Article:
As my colleague Max reported a few days ago in his blogpost, we recently developed and released our first Fitbit app. The app is an extension for the Home Connect ecosystem of BSH, with which you can control your home appliances in your Smart Home with the help of a Smartwatch.

Especially the frontend of such a Fitbit application has some special features, which I would like to point out in this blogpost.

Design on 348x250 pixels

It seems quite trivial at first, but due to the low resolution of 348x250 pixels for the Fitbit Ionic, respectively 300x300px for the Fitbit Versa (Lite), compared to a big screen you have to rethink a bit. So in our example you don’t have a menu or a list for the selection of your home appliances, but you simply swipe to the right or left. This doesn’t seem very intuitive at first glance, but Fitbit has already thought about it and provides various components that are explained in this guide.

Components

One of these components is the Panorama View described above, which allows the user to swipe from right to left. In addition, pagination points are automatically displayed, which tell the user how many pages he can scroll through and which page he is currently on.

Home Connect Fitbit
The Home Connect App using the "Panorama View" Component

There are other such predefined view components, such as the Scroll View, where the view is taller than the actual screen and the user can scroll further down. Or a Tile List, which allows scrolling vertically through a list of items.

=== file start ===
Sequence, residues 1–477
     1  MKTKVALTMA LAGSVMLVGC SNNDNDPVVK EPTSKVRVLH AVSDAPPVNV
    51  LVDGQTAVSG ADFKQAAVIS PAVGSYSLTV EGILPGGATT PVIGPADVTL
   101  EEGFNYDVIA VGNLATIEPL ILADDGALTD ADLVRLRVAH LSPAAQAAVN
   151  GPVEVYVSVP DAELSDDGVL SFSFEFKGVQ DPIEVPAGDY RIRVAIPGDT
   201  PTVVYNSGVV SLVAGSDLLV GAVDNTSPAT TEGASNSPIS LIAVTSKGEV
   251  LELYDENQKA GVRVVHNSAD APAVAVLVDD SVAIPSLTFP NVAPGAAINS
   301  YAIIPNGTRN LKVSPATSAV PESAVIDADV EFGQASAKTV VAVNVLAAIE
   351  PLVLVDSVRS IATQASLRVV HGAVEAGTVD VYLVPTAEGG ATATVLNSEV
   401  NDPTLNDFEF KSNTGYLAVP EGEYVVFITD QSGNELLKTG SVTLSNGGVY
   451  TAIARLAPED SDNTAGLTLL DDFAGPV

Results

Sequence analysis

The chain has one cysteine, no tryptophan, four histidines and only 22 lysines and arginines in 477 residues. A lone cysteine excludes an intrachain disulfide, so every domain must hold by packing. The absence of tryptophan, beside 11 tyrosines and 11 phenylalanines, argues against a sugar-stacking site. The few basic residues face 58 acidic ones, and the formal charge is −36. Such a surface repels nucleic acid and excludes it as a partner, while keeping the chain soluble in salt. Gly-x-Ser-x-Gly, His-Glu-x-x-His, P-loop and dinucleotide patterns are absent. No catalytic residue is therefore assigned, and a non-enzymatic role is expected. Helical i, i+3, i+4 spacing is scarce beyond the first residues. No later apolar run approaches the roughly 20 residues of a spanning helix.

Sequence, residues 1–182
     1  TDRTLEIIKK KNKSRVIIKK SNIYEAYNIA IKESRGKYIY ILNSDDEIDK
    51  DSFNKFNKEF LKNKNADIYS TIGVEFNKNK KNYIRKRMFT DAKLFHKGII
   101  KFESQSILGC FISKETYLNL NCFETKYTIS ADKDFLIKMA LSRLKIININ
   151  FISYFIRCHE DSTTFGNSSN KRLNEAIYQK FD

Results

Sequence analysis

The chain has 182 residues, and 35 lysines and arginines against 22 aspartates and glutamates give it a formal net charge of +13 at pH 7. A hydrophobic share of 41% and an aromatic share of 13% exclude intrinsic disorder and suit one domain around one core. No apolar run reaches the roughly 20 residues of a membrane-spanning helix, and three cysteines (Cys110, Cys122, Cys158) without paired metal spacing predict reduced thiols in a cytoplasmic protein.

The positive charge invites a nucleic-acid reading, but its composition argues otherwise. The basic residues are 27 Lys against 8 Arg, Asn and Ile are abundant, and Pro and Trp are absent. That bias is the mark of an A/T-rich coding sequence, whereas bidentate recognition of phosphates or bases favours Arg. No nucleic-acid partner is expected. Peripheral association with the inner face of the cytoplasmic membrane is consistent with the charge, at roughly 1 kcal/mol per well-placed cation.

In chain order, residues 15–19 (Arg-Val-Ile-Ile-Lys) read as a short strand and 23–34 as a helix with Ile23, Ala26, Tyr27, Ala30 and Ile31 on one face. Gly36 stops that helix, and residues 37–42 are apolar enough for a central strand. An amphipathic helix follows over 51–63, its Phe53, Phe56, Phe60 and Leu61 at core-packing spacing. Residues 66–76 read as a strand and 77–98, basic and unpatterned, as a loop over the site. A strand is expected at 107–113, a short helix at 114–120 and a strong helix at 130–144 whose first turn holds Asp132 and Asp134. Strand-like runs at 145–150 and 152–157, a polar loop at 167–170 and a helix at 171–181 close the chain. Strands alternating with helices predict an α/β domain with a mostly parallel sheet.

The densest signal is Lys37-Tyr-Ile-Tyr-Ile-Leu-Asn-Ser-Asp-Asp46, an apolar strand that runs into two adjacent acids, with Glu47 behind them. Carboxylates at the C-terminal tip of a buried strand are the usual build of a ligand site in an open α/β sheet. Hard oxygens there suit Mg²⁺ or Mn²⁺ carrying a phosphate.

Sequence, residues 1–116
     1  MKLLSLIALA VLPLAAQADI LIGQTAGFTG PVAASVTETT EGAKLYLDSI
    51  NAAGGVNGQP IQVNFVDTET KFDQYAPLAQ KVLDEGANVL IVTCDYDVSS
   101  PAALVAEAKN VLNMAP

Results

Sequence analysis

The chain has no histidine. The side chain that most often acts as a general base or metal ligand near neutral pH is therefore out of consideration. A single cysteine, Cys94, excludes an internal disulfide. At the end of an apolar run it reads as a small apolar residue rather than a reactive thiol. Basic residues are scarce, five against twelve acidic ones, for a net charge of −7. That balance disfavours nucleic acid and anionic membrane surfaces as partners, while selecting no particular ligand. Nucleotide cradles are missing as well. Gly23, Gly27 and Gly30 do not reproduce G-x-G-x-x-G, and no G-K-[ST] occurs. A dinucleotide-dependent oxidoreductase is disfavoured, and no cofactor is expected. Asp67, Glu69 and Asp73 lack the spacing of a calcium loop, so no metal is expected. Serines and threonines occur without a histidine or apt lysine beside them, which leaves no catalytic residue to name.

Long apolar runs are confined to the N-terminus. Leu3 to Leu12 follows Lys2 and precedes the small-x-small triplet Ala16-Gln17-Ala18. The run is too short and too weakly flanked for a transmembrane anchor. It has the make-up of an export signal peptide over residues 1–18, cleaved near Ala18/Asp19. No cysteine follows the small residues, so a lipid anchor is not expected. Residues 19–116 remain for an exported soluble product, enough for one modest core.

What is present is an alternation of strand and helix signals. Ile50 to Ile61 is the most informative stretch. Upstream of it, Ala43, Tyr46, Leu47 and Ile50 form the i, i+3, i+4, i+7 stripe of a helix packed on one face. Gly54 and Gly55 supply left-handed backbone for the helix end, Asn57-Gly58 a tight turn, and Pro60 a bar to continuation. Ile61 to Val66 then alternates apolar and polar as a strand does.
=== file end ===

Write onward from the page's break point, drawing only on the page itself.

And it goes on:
But not only for such views there are widgets - also for smaller parts of a Fitbit UI. Examples are Buttons or Text Components in different layouts and variations.

SVG and interaction with Javascript

If you have clicked on one of the links in the upper paragraph, you will notice that the code examples are all embedded in an <svg> tag. And indeed - while SVG from other application areas is better known from single icons and animations, Fitbit describes the complete UI in SVG .gui files. So it’s worth getting familiar with SVG and its basic principles before developing a Fitbit UI.

Fortunately, you don’t just have to live with hard-coded SVG elements. With the help of the app logic written in Javascript (or in our case Typescript), you can interact with the UI, more precisely with the HTML DOM objects. A simple example:

<svg>
  <text id="dino">All dinosaurs clap in time!</text>
</svg>

With Javascript we simply change the text:

let dino = document.getElementById("dino");
dino.text = "But dinosaurs have arms too short!";

So you can react to user interactions at runtime and adjust the UI accordingly. But unfortunately this has its pitfalls…

Dynamic generation of content

…namely the dynamic generation of content. Existing SVG elements can be changed, but no new ones can be added. In our example with the home appliances this was a real problem, because we display a variable number of home appliances - depending on how many the user has paired. Our workaround for this was to create a maximum number of home appliances as SVG elements, hide them by default and then enable them for each paired appliance using Javascript.

However, there is already a Fitbit component that generates elements and it’s called Virtual Tile List. Unfortunately, this only helps in a relatively special case.


We hope that Fitbit will continue to evolve in the future - at the moment you still have the feeling that you can only use a small part of the actual SVG and Javascript possibilities. Nevertheless, the development was a lot of fun - and who wouldn’t want to James Bond-like tell his watch to brew a coffee?!